Just Landed monitors incoming flight information and your location simultaneously. Based on arrival times and traffic data, recommends when you should leave for the airport to meet the flight you’re tracking. It is magical!
Today I was meeting a flight arriving from Frankfurt. International arrivals are tricky as they’re so long it is tough to monitor well, in my experience. Inputting the flight into Just Landed was an easy process: flight number, then choose the correct day, then it pops out a real-time ETA designated by adorable graphic if the plane is mid-air or if it has landed already.
Particularly handy are the alerts. I’ve disabled most lock screen alerts on my iPhone favoring the notification center instead. Just Landed will retain lock screen rights due to how indispensable the alerts are.
Also, the Just Landed team gets points for the sounds the app makes: when the flight has arrived it sounds like a plane landing; when regular alerts chime, they do so with the seatbelt indicator sound. Adorable! I do love me some aesthetics.
Another feature I appreciated was texting from within the app to let my party know I was already there and waiting. Just Landed prompted me to send it once the flight arrived and the location determined that I was at the airport. This was where I noticed some bugs in that Just Landed kept letting me know the flight had landed and offering to send a text. I wasn’t sure if the app did that to account for time in customs or if it was buggy, will determine that the next time I use it which will most likely be Wednesday.
That being said, as you can see it was a big hit that I was on time despite the flight being 40 minutes early.
I do rule. And so do you, Just Landed, for making me look good.
Managing email across multiple mobile devices can be either an uninspiring task at best (using the iOS mail app) or unwieldy at worst (the infuriatingly buggy Gmail for iOS app). The unenviable task of sorting through ones email and circumventing the existing apps in the marketplace and preinstalled on ones phone is a task not easily achieved, but desperately needed. Enter Mailbox.
Launching to a veritable landslide of positive press, Mailbox has been in my hands for a month or so. And what a month it has been. Beta testing for select members of the press since December, launching in February, sold to Dropbox for $100M in March. Quite the ride for its creators over at Orchestra!
After playing with Mailbox since it came out of beta (order number 15,422 thankyouverymuch), I can attest that while not perfect, the app has changed my inbox experience for the better. Before diving into that though, let’s talk a bit about Mailbox’s email mandate. Essentially, Mailbox wants email to be simpler, encouraging a clean, well-organized inbox, which few people can claim in this day and age of send-an-email-get-an-email, ad infinitium.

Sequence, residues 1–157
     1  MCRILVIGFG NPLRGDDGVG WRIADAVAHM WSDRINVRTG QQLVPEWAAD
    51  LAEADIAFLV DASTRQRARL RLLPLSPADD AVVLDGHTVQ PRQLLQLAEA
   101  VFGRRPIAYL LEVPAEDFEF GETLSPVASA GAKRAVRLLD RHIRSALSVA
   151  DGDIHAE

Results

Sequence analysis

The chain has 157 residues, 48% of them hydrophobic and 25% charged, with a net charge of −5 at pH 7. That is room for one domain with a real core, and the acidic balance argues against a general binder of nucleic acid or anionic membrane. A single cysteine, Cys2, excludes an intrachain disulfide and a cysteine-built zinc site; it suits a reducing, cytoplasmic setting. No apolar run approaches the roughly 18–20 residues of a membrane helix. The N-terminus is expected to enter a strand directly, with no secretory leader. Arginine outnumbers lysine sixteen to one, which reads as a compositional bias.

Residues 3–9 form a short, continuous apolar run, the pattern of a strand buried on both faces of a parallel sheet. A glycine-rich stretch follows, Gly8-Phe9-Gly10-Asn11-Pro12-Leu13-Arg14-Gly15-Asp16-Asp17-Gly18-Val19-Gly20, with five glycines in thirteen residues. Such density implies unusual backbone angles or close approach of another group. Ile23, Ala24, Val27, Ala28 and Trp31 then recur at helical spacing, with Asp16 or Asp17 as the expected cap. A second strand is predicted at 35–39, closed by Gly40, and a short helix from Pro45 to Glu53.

In an incredibly stripped down, minimalist approach, Mailbox lets you delete, archive, revisit and add emails to lists with a swipe of your finger. That’s what makes it a tremendously easy user experience; I mean, who doesn’t love to swipe!
When you swipe right in the app, you are asking Mailbox to either archive the email or delete it, depending on how quickly you swipe. Swipe slowly halfway across, the message turns green and archives. Swipe more quickly to the right and it turns red and deletes. Sometimes my finger has a mind of its own and I accidentally delete when I mean to archive, but the most recent update of the app offers a “shake to undo” feature that while not sexy and exciting, has turned out to be handy when I’m particularly clumsy.
My more favorite feature is swiping left to save for later: sort of a hybrid archive and reminder setting. If you know me, you know I need reminders on a regular basis. For everything. Especially with email; I get so much of it! When I swipe left, I can choose to be reminded of this email again either tonight, tomorrow, this weekend, next week, next month, etc. etc. This is particularly handy for those of us (me) who have organizational problems on occasion (all the time).
When the time comes for Mailbox to remind you of the email again, it reappears in your inbox but starred and with a Gmail filter on it so it is easily distinguished. I appreciate that.
Note: These three features can also be accessed from within an individual email, but I’ve found I rarely use them there, preferring to get organized from the main screen.
Room for Improvement
The two problems I’ve uncovered with my consistent Mailbox use feel rather significant. First, and most important: I have not yet successfully been able to forward attachments. In my line of business that is a rather key feature. Secondly, when I forward an email, it removes it from the original chain and separates it, which makes finding that particular email rather challenging later. If the Mailbox team can fix these, the app would be practically perfect.
Although Mailbox has been live for quite some time, the demand remains high. While at a party this weekend in North Carolina, I extolled the virtues of the app to some friends, who immediately downloaded it… and was #419,000 in line. With 40 people behind her, which was comforting. Don’t worry, I promised her. It moves rather quickly and is absolutely worth the wait.